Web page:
Photo Credit: State Archives of Florida; Florida Memory, 1910s - The Strawn family sold their oranges under the label "Bob White", named after the quail they enjoyed hunting.
Photo Credit: State Archives of Florida; Florida Memory, 1910s

In the late-1800s, the expansion of the railway system into southern Florida opened up the area to new industry and expanded potential business opportunities. Florida was promoted as a paradise on earth, where the “climate cured all aliments and the soil produced wealth with little effort”. The emerging citrus industry helped in the selling of land as settlers caught “orange fever”, assuming they could make good money selling to the northern states.

At the time, Florida was producing over 5 million boxes of citrus, but it all ended when the state was hit with devastating back-to-back freezes. In 1894 and 1895, temperatures throughout the state dropped, leaving many growers to watch as their crops died out. The first freeze occurred on December 20, 1894. Unfortunately, the state experienced a month of warm weather leaving the citrus groves more vulnerable for the second freeze on February 8, 1895. This event paralyzed the citrus industry and it wouldn’t recover from it for a couple more decades.

As the citrus industry moved south following the freezes, the few groves which survived gained widespread notoriety. One of these highly reputable groves was Thomas Strawn’s “Bob White” oranges.

Back in 1882, Theodore Strawn settled down in West Volusia County and began an orange packing operation. Ever though the freezes of 1894-1895 eradicated most of the livelihoods of the farmers nearby, the business continued to prosper. In 1921, the original wooden packing house burned down and it was replaced by a new state-of-the-art steel building with a distinctive saw tooth roof line.

The next few decades were kind to the Strawn family as the business grew. Of the oranges they grew, only the best were given the “Bob White” mark, named after the Northern Bobwhite quails the Strawn family enjoyed hunting. While the “Bob White” oranges were shipped up north, the lower-classed oranges were sold at roadside stands and markets in Florida. It was around this time in 1951, when John Strawn, the grandson of Theodore Strawn, returned from college to oversee a bookkeeper and others who tended the packinghouse’s business affairs.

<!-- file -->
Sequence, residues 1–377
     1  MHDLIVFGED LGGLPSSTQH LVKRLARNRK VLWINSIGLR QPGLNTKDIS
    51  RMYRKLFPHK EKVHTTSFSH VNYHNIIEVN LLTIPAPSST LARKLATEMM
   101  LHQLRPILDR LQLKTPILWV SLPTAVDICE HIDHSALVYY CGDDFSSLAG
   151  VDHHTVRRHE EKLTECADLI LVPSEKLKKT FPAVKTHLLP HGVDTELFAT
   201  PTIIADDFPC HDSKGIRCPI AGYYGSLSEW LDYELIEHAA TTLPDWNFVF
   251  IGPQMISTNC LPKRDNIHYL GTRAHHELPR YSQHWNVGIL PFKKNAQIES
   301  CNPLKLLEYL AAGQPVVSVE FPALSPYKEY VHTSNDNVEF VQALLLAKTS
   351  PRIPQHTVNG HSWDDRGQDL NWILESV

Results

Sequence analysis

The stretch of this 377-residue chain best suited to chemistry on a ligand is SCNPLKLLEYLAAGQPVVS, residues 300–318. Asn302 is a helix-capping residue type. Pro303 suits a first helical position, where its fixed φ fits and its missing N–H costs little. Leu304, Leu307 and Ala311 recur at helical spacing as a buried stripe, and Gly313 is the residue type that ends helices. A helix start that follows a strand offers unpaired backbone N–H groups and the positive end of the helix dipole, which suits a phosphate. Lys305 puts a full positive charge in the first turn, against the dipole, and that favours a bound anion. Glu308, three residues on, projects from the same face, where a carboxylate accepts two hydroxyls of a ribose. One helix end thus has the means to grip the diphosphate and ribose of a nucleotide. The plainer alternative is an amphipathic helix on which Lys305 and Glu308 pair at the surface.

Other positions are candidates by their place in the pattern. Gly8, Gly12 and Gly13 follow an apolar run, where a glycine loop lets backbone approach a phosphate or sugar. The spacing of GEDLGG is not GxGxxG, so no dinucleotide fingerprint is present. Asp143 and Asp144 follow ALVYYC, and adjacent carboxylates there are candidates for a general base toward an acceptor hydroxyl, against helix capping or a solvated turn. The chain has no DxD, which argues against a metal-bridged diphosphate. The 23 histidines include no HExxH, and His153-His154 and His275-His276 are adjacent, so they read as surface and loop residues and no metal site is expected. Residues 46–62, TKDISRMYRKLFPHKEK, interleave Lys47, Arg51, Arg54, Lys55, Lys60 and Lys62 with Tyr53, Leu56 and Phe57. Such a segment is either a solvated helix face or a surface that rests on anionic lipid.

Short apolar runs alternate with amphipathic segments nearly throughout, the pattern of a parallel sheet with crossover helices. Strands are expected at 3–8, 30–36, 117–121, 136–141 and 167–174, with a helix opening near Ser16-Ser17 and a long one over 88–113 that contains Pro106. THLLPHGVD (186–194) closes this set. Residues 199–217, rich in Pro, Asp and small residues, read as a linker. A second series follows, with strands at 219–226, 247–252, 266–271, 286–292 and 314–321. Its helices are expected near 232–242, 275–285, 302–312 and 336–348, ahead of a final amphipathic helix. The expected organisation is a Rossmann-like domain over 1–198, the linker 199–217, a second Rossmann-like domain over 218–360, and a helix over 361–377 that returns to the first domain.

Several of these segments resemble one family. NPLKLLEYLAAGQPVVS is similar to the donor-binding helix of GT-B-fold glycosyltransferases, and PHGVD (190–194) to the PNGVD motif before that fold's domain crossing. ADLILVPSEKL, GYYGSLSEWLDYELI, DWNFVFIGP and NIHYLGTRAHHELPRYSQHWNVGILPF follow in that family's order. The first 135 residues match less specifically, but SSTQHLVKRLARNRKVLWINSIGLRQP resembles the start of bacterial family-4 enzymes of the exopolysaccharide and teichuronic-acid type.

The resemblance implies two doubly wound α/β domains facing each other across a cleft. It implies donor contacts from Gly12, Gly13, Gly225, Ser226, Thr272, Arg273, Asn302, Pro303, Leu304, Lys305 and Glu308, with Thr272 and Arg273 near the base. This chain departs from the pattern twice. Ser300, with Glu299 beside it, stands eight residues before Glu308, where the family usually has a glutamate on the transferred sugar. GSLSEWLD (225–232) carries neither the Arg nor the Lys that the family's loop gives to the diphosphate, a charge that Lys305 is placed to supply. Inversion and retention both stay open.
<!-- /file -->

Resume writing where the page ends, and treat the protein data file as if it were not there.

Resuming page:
Sadly, it would all end on the Christmas of 1983. On December 23rd, an intense Arctic high-pressure system moved out of Canada, moving far south within two days. As Christmas morning dawned, temperatures were in the teens, way below the 28 degrees it would take for frost damage to begin in citrus fruit. According to John Strawn, the orange trees were killed down to their stump. Statewide, nearly a quarter of the citrus crops were destroyed and in today’s money, would equate to about $4 billion.

Strawn Citrus Packing House District | Photo © 2009 Bullet,

Like the freezes of 1894-1895, the industry moved further south to the much warmer climates and the Bob White packing house closed down.

The packinghouse, along with a nearby sawmill and other agricultural buildings were added to the National Register of Historic Places in 1993. Over the years, the site has been heavily vandalized by thieves. At first, people went in to steal the copper and anything of value from the structures until it was all gone. That didn’t stop them from returning, looking for anything they can scrap; and if they weren’t there looking to make a buck, they were there to simply destroy.

In 2008, a fire destroyed the machine shop containing various machinery, timber and fuel. Two years later, another fire burned down a 40-foot by 50-foot outbuilding while damaging other structures nearby.

Even in the state it’s in now, it is still of historical significance as it depicts the earliest development of the citrus industry in the state of Florida. Though many show interest in buying the property and restoring the remaining structures, no deals have been made.

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